We heard from David Sparks about the Black Skimmer post. You might want to check out his response if you enjoyed that post.
David, who is 80, said, in part, "The Black Skimmer project and the other projects I am working on now is an effort to preserve some of the successful images in a format that will be more accessible to family and friends when I am no longer around. Unless I do something to give prominence to selected photos they will just remain part of the bloated Lightroom catalogs where they now reside."
I'd like to try to give heart to those who don't see any usefulness in their archives past their own physical lifetimes. I used to make two recommendations—one was to notate, on the back of prints, the people, places or things that appear in them, for the benefit of heirs and posterity. The other was to simply create a separate box and segregate all your best or favorite work into it, labeling it "---- ----'s Best Photographs" or something like that. The idea there is that your heirs might find it overwhelming to confront a roomful of photographic detritus and many boxes and filing cabinets full of unorganized prints and negatives, but few descendants are likely to throw out a single box labeled Grandad's best.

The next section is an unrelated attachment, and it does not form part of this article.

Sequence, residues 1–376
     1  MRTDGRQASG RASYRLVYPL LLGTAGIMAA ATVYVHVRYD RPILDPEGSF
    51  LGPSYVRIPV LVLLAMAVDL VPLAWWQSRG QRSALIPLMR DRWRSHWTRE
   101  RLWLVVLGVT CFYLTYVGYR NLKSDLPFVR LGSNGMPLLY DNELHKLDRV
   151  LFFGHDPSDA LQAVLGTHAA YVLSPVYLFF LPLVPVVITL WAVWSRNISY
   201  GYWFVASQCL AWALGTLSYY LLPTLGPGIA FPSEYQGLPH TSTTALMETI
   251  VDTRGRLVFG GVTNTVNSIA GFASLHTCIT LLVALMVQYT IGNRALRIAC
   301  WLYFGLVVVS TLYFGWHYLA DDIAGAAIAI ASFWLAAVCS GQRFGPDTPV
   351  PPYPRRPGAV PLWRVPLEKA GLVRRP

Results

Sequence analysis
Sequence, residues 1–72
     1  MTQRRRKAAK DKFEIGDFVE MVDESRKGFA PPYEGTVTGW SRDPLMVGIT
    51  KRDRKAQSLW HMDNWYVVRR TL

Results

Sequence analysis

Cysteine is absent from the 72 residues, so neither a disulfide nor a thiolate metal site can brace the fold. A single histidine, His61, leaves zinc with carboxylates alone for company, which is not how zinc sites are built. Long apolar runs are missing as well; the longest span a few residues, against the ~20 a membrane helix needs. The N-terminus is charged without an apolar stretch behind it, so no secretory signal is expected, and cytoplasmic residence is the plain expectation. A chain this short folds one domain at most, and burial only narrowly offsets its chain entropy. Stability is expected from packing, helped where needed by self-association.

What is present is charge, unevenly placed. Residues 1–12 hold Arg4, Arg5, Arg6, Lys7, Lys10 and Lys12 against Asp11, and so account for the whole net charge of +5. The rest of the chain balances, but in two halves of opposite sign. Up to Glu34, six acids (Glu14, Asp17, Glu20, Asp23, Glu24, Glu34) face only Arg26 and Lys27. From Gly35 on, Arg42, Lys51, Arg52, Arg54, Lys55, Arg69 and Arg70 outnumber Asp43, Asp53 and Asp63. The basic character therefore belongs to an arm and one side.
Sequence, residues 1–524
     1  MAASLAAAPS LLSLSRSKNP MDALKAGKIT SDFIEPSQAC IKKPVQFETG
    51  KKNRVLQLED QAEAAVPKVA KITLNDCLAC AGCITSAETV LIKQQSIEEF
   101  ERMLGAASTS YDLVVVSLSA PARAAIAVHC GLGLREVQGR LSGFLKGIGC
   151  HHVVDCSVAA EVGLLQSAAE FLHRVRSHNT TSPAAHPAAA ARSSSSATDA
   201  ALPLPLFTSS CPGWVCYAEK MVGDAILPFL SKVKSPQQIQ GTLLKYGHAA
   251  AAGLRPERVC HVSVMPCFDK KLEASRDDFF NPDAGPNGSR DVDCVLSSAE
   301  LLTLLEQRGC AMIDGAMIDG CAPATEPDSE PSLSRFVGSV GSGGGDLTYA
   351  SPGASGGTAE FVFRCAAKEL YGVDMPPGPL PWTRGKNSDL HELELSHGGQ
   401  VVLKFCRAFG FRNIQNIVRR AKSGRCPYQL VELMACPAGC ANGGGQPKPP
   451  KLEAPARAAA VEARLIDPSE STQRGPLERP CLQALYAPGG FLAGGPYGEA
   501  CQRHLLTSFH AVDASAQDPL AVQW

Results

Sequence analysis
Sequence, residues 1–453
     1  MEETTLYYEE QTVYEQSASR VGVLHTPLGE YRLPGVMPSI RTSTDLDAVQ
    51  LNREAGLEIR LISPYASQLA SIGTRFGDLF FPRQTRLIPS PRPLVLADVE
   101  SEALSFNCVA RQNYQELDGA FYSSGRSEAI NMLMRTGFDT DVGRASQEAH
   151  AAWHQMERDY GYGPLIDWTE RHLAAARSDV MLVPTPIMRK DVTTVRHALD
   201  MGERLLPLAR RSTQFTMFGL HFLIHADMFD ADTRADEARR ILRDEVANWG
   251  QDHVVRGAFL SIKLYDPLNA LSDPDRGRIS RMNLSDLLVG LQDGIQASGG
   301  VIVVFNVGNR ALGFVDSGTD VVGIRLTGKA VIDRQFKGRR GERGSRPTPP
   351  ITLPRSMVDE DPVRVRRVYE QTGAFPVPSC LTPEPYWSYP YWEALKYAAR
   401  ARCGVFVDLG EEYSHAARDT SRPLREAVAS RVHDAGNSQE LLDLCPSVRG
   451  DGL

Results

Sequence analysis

Of course, those recommendations seem very quaint now, unless you're one of the minority for whom printmaking is a part of the hobby. Few people have prints now and fewer prints start out as negatives, and you can't label a TIFF file with a pencil.
Still, there are a few logical ways to respect and honor some of the work you've done. A lucky few are able to find a repository for it, such an historical society or a curated archive, club, or local museum. (We're at an odd point in history, when exponentially more photographs are being made but exponentially fewer will likely survive the next hundred or hundred-and-a-half years.)
David's strategy is a good one—make small finished presentations that have a point and a purpose. I've always thought that another good way to insure the survival of work is craft—people tend to value beautifully made things, especially if they telegraph good craftsmanship even to people who don't entirely understand its value. Your own fame and the value of your work is another good preservative, as we've discussed several times, although that's neither really in our control, nor, for most of us, in the cards.